Pizza is a college food, a party food, a snack, a great leftover, a delicacy, and more. It’s so versatile that it’s easy to forget that it’s also really old, and actually from Italy.
Italy hasn’t forgotten. Last year the European Union put pizza on the “guaranteed traditional specialties” list, which means that any pizza advertised as Neapolitan must fall under specific guidelines: it must be cooked in a wood-fired oven, the crust must rise up to two centimeters high, and the whole pie must be topped with canned tomatoes, mozzarella (from Campania, the region where the city of Naples resides), olive oil, and basil. The Italian Pizza Makers Association has also been encouraging the government to regulate the industry by requiring pizza-chef hopefuls to apply for a license in Italy.
Now, Italy is going for worldwide recognition by submitting “the art of Neapolitan pizza making” to the Intangible Cultural Heritage List from UNESCO. UNESCO (United Nations Educational, Scientific, and Cultural Organization) is one of those things you hear about occasionally but never really register—it’s considered the “intellectual” side of the United Nations, promoting peace and understanding through cultural and scientific achievement. Getting onto that list is a feat; Italy had to prove that pizza-making is a key component of Italian culture for their application, which was submitted with 850,000 signatures from Italy and beyond. Now that the application was accepted, it will be voted upon by nearly 200 representatives from around the world in 2017.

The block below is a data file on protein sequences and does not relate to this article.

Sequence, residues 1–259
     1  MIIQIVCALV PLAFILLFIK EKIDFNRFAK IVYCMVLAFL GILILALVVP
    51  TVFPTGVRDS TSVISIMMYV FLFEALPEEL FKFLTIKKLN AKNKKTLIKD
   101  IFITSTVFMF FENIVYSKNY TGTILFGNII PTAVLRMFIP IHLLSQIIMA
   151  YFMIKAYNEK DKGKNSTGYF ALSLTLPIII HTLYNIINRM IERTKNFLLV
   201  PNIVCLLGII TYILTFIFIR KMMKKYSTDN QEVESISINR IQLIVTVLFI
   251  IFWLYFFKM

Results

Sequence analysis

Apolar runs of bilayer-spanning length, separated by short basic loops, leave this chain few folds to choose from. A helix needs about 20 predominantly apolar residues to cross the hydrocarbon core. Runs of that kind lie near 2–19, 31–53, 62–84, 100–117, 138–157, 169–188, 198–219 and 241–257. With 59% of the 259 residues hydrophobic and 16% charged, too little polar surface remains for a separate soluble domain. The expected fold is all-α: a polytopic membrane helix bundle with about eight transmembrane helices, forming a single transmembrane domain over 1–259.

Other food-related subjects on the Intangible Culture Heritage list are traditional Mexican cuisine, the gastronomic meal of the French, Washoku (traditional Japanese cuisine), Turkish coffee, and the Mediterranean diet.
In conclusion, here’s a fun fact to send you on your merry-nara way: “Pizza” is the most recognizable Italian word worldwide. And if you’re interested in a pizza history lesson, check out this video by UNESCO!